Case II. $\,{\mathrm{gcd}}\,(2u,u^2 + 3v^2)=3$.

In this case, the greatest common divisor of $2u$ and $u^2 + 3v^2$ is $3$. That implies that $3\mid u$, and one may express $u = 3w$ in terms of a smaller integer, $w$. Since $4\mid u$, so is $w$; hence, $w$ is also even. Since $u$ and $v$ are coprime, so are $v$ and $w$. Therefore, neither $3$ nor $4$ divide $v$.

Substituting $u$ by $w$ in $(1)$ we obtain $$ −z^3 = 6w(9w^2 + 3v^2) = 18w(3w^2 + v^2) $$ Because $v$ and $w$ are coprime, and because $3\not\mid v$, then $18w$ and $3w^2 + v^2$ are also coprime. Therefore, since their product is a cube, they are each the cube of smaller integers, $r$ and $s$: $$ 18w = r^3 \quad\text{and}\quad 3w^2 + v^2 = s^3. $$ By the same lemma, as $s$ is odd and equal to a number of the form $3w^2 + v^2$, it too can be expressed in terms of smaller coprime numbers, $e$ and $f$: $$ s = e^2 + 3f^2. $$ A straight-forward calculation shows that $$ v = e (e^2 − 9f^2) \quad\text{and}\quad w = 3f (e^2 − f^2). $$ Thus, $e$ is odd and $f$ is even, because $v$ is odd. The expression for $18w$ then becomes $$ r^3 = 18w = 54f (e^2 − f^2) = 54f (e + f) (e − f) = 33 \times 2f (e + f) (e − f). $$ Since $33$ divides $r^3$ we have that $3$ divides $r$, so $(r /3)^3$ is an integer that equals $2f (e + f) (e − f)$. Since $e$ and $f$ are coprime, so are the three factors $2e$, $e+f$, and $e−f$; therefore, they are each the cube of smaller integers, $k$, $l$, and $m$. $$ −2e = k^3,\,\,\, e + f = l^3,\,\,\, e − f = m^3, $$ which yields a smaller solution $k^3 + l^3 + m^3= 0$. Therefore, by the argument of infinite descent, the original solution $(x, y, z)$ was impossible.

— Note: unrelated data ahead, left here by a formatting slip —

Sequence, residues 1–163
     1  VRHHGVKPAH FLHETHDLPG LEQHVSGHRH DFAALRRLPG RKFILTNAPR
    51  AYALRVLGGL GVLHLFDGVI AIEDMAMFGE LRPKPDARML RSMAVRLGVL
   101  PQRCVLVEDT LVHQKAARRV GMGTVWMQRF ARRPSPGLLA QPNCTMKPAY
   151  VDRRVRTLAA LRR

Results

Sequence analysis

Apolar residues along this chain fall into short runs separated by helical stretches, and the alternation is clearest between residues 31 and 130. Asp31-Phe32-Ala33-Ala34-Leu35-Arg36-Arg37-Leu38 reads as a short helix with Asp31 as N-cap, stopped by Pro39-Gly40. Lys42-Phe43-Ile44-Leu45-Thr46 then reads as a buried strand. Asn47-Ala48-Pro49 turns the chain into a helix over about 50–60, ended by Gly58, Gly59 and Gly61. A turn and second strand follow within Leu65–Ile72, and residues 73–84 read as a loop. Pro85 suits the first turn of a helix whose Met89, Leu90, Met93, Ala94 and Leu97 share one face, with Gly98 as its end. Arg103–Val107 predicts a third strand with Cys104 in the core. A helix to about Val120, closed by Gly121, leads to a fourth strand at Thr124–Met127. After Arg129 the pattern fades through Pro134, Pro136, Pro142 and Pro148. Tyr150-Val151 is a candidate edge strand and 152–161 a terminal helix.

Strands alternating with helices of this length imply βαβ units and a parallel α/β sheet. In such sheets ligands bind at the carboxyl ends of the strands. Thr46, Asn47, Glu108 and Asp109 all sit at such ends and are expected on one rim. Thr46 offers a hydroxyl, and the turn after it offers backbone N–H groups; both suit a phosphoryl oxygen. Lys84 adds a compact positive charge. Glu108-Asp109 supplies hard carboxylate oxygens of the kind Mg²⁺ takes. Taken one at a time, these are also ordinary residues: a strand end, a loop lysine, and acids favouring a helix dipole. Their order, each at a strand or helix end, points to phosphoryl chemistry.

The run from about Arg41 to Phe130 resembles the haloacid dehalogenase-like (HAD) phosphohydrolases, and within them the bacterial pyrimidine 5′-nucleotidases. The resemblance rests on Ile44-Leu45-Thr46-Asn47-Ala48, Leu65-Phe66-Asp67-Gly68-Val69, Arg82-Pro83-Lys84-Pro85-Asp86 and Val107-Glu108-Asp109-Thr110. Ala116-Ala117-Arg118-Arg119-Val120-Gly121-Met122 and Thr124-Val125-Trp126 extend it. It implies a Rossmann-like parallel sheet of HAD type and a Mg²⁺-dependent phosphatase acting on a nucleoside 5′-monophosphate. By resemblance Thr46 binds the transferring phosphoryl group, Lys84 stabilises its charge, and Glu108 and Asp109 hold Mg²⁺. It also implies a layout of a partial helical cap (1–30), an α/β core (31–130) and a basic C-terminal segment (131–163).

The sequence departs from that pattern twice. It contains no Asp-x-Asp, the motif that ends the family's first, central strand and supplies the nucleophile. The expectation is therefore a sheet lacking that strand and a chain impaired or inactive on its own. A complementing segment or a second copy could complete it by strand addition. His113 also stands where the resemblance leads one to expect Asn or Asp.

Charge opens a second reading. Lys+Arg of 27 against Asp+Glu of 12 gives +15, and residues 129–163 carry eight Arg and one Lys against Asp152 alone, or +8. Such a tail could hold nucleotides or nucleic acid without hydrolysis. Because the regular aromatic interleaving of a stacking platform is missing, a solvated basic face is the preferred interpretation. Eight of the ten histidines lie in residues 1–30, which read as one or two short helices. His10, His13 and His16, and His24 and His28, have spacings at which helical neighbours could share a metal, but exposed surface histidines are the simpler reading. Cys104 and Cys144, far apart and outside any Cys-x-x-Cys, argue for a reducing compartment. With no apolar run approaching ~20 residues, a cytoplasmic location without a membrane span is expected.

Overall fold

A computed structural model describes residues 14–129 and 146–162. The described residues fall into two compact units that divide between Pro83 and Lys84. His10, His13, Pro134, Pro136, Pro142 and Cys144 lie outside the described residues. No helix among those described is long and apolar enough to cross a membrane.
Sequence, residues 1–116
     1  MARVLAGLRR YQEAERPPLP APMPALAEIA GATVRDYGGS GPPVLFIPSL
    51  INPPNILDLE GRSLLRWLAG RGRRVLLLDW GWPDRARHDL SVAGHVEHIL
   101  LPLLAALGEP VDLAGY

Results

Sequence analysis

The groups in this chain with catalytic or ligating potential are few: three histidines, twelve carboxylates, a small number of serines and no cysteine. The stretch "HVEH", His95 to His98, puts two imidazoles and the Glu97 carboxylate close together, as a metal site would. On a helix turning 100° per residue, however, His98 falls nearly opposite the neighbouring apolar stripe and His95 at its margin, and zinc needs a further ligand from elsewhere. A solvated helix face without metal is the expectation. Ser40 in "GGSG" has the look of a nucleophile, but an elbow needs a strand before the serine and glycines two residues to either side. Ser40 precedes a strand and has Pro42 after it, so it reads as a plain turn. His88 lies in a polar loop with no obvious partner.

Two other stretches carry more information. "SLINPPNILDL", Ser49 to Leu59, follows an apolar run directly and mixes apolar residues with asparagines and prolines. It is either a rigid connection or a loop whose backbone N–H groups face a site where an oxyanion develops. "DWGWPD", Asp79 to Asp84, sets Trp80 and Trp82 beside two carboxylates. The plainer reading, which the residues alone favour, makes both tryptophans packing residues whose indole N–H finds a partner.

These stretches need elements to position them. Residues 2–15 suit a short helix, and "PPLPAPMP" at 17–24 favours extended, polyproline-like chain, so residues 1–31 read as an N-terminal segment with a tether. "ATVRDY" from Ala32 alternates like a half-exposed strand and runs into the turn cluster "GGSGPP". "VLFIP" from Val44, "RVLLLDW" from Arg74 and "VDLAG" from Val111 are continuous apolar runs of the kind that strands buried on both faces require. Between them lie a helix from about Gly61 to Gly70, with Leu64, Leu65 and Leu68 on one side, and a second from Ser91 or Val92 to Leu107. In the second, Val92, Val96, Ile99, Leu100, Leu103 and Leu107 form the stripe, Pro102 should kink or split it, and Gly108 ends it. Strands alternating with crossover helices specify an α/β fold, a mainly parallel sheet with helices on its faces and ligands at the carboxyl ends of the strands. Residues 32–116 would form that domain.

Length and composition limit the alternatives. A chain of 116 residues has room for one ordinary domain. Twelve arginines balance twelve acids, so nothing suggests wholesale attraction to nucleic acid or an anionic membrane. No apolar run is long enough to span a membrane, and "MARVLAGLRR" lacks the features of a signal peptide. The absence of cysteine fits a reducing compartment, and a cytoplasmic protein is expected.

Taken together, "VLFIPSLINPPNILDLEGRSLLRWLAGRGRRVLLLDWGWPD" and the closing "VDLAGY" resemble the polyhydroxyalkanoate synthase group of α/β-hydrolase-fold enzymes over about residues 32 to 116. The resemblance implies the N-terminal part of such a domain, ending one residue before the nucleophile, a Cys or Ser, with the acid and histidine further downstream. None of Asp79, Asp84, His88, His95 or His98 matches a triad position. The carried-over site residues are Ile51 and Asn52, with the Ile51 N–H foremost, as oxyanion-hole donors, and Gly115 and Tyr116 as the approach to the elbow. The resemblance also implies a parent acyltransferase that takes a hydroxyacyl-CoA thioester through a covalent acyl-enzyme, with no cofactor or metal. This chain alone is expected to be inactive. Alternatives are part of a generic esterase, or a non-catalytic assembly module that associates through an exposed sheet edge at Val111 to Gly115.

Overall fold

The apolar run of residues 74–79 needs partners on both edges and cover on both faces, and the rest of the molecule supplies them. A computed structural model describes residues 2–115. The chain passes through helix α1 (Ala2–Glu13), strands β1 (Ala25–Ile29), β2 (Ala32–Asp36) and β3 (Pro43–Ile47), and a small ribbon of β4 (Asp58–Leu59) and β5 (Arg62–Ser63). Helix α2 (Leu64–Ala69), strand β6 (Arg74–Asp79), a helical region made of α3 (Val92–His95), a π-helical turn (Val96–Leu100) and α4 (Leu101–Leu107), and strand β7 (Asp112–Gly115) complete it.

Note. A simple proof of Fermat's Last Theorem when $n=3$ can be found here:

share|cite|improve this answer
Can you present the proof all together? – qwr Feb 12 '14 at 20:24